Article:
The scattering of X-rays of wavelength on crystal planes with
a spacing d is described by the Bragg reflection condition
The method of Bragg reflection for energy analysis is based on the extreme angular sensitivity. Values of several for are typical for the crystals used in the present experiment. With flat crystals, however, in general only a small part of the crystal surface fulfills the Bragg condition. In the case of the present experiment with a typical distance of between X-ray source and Bragg crystal only a stripe with a width of a little less than a would be usable for one wavelength. In order to reach a higher rate of the X-rays the crystals are bent to an appropriate curvature. For the moment we consider only horizontal cylindrical bending of a crystal whose deflection planes are parallel to the surface (``symmetrically cut crystals'').
The use of bent crystals has long be delayed as a conceptional difficulty arises because of the geometrical impossibility to satisfy simultaneously the two requirements implicit to the Bragg law. These two conditions are:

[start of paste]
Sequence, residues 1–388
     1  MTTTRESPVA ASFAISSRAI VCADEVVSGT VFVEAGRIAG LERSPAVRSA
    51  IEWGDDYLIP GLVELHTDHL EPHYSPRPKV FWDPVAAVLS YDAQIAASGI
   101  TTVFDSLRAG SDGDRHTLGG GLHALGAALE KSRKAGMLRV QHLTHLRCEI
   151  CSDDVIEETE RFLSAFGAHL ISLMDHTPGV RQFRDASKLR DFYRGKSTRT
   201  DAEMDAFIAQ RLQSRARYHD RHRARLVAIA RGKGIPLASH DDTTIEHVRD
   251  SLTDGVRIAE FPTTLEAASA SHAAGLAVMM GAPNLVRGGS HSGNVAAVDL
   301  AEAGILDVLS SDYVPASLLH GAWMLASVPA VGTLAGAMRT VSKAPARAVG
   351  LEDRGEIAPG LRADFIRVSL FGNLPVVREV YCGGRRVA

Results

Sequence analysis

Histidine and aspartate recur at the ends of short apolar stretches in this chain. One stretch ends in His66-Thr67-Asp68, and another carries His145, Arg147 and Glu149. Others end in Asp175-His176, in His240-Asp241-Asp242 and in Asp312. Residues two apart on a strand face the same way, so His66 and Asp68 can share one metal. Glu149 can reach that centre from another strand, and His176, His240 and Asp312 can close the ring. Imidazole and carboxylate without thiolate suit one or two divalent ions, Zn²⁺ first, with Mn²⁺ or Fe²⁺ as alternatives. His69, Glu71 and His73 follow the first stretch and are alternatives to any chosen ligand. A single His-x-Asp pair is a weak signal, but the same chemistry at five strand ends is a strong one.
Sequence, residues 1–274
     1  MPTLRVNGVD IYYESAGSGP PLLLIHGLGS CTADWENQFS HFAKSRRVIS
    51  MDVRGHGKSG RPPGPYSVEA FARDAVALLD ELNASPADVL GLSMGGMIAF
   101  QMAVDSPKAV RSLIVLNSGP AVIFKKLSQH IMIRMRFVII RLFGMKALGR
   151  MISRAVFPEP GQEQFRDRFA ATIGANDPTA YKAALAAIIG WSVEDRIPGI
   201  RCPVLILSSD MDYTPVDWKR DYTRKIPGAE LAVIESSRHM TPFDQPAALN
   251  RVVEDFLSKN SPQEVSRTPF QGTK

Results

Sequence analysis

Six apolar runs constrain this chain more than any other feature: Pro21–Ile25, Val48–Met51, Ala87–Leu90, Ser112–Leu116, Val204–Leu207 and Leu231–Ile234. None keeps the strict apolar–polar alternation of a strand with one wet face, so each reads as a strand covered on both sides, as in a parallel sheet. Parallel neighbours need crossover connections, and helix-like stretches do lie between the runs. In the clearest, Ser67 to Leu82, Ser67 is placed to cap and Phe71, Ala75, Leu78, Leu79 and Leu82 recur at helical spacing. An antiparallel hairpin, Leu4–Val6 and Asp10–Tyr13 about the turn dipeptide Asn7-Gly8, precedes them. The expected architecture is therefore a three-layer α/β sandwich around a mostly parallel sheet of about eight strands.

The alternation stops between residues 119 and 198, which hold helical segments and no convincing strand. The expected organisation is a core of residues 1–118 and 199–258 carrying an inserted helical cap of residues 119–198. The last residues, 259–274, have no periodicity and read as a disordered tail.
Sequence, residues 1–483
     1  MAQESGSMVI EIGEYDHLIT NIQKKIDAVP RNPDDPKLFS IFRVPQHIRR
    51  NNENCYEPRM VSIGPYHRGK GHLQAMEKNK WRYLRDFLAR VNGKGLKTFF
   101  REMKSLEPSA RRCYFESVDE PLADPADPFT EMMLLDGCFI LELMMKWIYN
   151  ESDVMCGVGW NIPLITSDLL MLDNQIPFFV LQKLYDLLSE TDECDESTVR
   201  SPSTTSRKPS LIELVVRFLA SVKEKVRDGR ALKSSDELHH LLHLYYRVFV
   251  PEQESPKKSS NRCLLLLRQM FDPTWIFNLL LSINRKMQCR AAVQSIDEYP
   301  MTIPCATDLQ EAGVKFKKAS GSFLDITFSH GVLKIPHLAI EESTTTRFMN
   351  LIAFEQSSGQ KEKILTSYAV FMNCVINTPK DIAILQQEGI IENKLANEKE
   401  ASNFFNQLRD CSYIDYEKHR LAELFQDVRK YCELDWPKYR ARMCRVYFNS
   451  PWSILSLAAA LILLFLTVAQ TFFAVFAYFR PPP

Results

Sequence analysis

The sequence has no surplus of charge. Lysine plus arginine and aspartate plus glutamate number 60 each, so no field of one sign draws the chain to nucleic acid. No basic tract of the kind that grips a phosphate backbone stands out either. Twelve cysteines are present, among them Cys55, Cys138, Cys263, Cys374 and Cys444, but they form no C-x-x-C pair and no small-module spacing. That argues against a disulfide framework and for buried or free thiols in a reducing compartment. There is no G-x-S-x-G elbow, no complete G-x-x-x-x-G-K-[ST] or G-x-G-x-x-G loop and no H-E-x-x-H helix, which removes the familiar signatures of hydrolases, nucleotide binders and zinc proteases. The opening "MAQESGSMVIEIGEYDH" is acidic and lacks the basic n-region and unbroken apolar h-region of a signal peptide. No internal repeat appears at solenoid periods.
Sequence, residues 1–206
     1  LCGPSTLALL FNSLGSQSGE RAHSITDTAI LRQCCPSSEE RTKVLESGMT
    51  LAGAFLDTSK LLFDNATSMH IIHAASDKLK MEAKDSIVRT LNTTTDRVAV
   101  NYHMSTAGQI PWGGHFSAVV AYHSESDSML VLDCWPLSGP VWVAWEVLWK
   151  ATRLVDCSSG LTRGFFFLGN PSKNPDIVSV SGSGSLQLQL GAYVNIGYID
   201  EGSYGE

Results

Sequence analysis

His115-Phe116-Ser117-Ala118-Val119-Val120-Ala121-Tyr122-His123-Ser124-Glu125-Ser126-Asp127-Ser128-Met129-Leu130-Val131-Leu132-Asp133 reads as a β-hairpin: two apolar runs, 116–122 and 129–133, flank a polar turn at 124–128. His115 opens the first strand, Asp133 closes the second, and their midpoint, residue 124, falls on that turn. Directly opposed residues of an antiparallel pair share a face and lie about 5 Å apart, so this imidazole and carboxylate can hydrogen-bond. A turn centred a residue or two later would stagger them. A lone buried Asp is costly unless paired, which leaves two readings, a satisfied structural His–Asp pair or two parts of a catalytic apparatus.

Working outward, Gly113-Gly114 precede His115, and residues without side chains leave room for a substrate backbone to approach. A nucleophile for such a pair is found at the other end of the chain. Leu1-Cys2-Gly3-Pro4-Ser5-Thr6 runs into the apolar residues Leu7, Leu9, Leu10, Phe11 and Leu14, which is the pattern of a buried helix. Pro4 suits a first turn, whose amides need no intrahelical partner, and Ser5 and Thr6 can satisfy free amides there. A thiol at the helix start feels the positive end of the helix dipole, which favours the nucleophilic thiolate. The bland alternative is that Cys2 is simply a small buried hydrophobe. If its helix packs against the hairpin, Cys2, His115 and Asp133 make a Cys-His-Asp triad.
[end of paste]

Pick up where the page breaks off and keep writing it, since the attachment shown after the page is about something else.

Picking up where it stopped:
|Figure 10: Rowland circle and Bragg angles. The Bragg condition requires reflection at the boundary of a circle with radius of the Rowland circle. D and S denote the position of detector and source, respectively. At C the Bragg crystal is mounted. It has a curvature radius around O with being the radius of the Rowland circle.|
While the conditions 1. and 2. cannot be simulteneously satisfied exactly, they can be satisfied approximately at the cost of aberration. Bending the crystal with ( being the Rowland radius) as proposed by H. H. Johann  leads to a geometrical aberration which depends on the finite width of the crystal. The broadening can still be tolerated as long as the contribution of the geometrical aberration is smaller than the intrinsic resolution of the crystals. This is the case for small enough crystals as used in the present experiment.
It should be mentioned that T. Johannson  proposed to grind the surface of a crystal bent to a radius with a grinding radius . In this way, the crystal surface is tangent to the Rowland circle and the reflecting planes still lie on a cylinder with radius . In the plane the Johannson geometry fulfills the focussing conditions independent of the extension of the crystal. The machining difficulties of such a procedure are tremendous.